Location: Spicewood, TX
Famous Students: Phil Mickelson
Notable Works: 'How To Putt Like the Pros', 'The Putting Bible', 'The Short Game Bible'
Notable Credentials: Golf Digest 'Top 50 Instructor', Golf Magazine 'Top 100 Instructor'
Training Aids: Pelz Putter Clips, The Truthboard, Pelz 'O' Balls
Web site: www.pelzgolf.com
Dave Pelz was a member of the University of Indiana golf team during the same time some guy Jack Nicklaus was a member of the Ohio State golf team. During their time playing against each other, Pelz often wondered why Nicklaus would beat him every time out. This was what sparked his interest in researching the game.
However, that was sidetracked by Pelz's career at NASA after graduation. But the desire to learn more about the game kept haunting him and eventually he started his research into the game.
The common misconception about Pelz is that he's always been a putter and short game guy. It doesn't help that in his first book 'How To Putt Like The Pros' he eludes to getting into the game solely to understand putting more. However, in a later book entitled 'The Short Game Bible' Pelz describes a different tale. He wanted to figure out what's the best way for a golfer to lower their scores. He then started physically charting golf shots on tour by himself. He would get an idea of where the pro golfer was aiming, let them hit their shot and then take off running and getting an estimate of how far off the golfer was from their intended target. After compiling the data he found that the golfer's with the lowest scores usually did the best from 100 yards in.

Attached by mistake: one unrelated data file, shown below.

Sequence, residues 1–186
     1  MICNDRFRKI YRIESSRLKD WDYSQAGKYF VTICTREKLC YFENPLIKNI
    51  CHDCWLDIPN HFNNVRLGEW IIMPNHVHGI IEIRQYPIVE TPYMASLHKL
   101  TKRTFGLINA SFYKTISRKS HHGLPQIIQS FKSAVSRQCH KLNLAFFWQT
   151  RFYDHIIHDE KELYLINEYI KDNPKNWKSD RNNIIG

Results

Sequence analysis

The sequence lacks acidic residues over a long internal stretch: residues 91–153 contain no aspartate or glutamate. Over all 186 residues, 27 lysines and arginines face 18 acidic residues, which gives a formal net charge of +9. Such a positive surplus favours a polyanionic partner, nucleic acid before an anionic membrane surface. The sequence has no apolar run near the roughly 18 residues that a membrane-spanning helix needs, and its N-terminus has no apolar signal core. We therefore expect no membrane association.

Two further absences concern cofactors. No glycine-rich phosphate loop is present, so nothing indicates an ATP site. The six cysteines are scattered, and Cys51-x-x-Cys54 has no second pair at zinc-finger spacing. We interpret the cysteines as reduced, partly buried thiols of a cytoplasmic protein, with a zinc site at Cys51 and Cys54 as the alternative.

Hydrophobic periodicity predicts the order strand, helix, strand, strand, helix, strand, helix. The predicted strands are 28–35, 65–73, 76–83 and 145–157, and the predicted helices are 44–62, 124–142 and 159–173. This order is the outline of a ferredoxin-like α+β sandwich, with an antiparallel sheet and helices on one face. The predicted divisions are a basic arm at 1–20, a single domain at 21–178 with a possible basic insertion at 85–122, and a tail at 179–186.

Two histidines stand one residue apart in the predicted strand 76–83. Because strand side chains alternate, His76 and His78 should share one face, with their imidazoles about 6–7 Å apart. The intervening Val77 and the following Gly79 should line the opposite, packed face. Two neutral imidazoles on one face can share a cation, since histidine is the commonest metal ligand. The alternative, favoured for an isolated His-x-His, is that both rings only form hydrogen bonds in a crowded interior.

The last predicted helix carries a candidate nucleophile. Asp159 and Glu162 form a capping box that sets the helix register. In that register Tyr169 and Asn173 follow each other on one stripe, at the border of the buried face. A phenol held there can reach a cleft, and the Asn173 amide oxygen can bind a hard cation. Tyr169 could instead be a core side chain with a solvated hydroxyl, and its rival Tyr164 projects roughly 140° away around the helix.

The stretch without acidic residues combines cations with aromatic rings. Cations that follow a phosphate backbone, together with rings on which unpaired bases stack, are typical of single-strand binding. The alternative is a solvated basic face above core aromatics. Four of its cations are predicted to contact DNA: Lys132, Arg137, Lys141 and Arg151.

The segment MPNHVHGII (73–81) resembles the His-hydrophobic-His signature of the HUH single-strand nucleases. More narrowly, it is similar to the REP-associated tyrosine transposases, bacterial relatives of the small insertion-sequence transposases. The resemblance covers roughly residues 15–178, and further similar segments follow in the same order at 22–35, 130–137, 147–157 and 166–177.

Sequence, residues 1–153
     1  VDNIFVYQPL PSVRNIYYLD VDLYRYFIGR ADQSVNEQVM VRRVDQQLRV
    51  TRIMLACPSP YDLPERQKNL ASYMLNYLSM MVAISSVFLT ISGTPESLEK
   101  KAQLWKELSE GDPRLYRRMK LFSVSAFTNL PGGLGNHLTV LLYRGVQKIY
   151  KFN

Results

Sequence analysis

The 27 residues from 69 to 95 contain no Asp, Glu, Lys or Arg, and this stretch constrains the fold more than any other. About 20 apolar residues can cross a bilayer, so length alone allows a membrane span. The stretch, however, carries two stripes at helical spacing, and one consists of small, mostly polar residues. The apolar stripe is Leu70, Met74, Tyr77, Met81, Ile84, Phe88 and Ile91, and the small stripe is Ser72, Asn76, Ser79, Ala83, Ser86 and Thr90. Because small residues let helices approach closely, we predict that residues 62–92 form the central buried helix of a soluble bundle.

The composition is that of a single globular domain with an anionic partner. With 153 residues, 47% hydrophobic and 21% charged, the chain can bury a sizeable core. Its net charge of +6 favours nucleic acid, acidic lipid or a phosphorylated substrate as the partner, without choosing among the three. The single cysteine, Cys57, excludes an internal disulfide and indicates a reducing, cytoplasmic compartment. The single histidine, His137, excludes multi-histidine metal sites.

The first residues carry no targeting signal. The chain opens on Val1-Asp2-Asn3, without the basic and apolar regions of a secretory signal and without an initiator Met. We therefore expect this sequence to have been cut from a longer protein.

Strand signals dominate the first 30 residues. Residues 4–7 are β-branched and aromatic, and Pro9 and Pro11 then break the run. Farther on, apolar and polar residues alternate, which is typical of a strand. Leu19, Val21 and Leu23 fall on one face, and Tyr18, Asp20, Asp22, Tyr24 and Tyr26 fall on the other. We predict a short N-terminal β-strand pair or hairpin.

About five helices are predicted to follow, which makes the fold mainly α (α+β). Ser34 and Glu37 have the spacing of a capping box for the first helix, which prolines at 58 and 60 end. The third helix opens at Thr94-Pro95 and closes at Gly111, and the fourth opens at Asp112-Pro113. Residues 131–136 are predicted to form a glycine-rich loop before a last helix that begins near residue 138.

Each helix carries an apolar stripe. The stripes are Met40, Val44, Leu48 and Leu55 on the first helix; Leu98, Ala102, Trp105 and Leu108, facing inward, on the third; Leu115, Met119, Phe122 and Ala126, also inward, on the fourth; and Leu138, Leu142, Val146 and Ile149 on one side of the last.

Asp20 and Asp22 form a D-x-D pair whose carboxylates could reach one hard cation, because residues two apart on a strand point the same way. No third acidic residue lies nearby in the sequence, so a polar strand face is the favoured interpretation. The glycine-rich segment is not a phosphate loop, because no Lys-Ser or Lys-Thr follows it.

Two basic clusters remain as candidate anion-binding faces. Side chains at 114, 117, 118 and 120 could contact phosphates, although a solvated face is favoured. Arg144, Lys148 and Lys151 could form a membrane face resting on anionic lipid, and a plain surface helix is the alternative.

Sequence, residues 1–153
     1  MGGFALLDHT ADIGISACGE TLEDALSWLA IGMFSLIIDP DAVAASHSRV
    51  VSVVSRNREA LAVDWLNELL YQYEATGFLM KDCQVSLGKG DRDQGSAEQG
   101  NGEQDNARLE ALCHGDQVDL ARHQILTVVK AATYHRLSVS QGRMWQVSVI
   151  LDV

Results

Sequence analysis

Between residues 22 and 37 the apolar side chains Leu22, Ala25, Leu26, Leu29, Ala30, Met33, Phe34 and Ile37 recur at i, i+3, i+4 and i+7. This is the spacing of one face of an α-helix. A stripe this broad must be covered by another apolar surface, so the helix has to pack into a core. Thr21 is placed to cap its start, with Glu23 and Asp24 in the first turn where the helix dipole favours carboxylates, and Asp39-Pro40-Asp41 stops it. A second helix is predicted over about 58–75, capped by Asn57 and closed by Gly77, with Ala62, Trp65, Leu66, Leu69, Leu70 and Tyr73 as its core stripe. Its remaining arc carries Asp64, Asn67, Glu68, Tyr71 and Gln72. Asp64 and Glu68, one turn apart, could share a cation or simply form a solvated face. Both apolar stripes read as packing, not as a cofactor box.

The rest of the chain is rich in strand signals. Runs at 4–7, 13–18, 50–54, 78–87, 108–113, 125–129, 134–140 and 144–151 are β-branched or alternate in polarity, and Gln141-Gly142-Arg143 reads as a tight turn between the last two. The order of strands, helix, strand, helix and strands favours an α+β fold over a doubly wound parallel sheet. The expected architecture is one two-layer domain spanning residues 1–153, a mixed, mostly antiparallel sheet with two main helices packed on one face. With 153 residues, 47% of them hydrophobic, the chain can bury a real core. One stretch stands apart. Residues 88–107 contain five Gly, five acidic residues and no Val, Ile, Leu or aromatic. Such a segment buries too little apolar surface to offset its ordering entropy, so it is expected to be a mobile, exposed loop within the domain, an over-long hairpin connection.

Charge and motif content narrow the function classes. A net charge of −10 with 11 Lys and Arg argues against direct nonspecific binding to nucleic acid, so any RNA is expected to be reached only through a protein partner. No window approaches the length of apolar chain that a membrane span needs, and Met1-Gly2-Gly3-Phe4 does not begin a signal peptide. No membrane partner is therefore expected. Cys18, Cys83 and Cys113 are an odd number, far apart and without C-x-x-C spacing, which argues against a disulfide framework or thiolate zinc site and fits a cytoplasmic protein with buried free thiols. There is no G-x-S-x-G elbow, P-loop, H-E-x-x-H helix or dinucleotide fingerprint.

Pelz was looked at as the absolute guru of the short game, particularly since he had the NASA credentials and did a ton of research. However, lately his name has been surpassed by Stan Utley and his popularity has somewhat waned over the years.
Pelz used to be adamant about utilizing the straight back and straight thru stroke. And it made good sense. But now that Utley's book 'The Art of Putting' came out and so many golfers had success with it, Pelz has changed his tune about using the SBST stroke. He's also taken quite a bit of criticism from Geoff Mangum, mostly for his 'optimal speed' of putts being 17 inches past the back of the cup. As Geoff Mangum explains in a post in regards to his 'One Best Delivery Speed for Touch From Physics' YouTube video
Pelz' 1977 data DISPROVES his later claims about 17" past the hole: Golf Digest July 1977, pages 52-55. His later "claims" about 17" never mentions this 1977 article or share his data proving it, because he has none.Still, it's tough to discredit what Pelz has done for the game and even in Mangum's book 'Optimal Putting' he says that the SBST stroke can work just fine. I've been a good putter since I was 16 years old and used the SBST stroke throughout my D-I college team years and putted pretty well with it. Now I use an arc stroke which I feel is better (Mangum also says an arc stroke is fine in 'Optimal Putting'), but generally I believe that there's way too much made out of what type of stroke pattern a golfer has.
Pelz's science only proved what everyone already knew: the go-by distance does depend on grass type and condition.
Others who have tried to duplicate his research to check it conclude that his claims cannot be accurate.
Furthermore, just about every teacher in the world has been wrong and changed their philosphies over time. So Pelz is not the only instructor to ever get something wrong.
Over the years, Pelz has come up with quite a few great training aids, like the putter clips, the truthboard and the 'O' balls. Plus, his chipping, pitching and bunker play techniques can work for lots of golfers.
He's likely to remain a mainstay as far as big name instructors goes for the next 20 years or so. However, the greatness of Pelz lies in that he doesn't rest on his laurels and always seems to find ways to improve his techniques and gain further knowledge.